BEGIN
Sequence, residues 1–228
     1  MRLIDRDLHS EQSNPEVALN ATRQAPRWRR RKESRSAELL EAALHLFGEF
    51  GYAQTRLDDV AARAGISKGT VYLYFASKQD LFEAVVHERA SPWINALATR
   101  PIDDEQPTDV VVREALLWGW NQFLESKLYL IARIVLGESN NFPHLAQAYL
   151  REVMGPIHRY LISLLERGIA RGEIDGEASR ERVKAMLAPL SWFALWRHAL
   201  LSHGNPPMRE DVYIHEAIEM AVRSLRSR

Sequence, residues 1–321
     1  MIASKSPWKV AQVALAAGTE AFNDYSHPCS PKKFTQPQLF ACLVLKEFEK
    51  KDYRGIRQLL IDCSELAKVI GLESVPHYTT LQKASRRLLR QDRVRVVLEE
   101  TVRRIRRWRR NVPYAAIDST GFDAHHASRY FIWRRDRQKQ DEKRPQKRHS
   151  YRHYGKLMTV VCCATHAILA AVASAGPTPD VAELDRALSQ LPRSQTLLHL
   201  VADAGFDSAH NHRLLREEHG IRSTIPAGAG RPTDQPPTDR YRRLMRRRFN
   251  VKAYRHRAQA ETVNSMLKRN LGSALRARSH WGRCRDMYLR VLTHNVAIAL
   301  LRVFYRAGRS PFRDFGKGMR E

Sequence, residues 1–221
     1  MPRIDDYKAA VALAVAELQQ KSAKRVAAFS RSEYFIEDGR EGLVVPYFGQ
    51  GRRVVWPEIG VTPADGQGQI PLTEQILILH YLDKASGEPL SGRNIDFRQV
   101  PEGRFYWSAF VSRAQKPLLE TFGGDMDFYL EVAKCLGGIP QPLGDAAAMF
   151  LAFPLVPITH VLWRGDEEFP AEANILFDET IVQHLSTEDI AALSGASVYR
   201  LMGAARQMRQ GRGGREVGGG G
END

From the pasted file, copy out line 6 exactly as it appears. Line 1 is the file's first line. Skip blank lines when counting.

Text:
   201  LSHGNPPMRE DVYIHEAIEM AVRSLRSR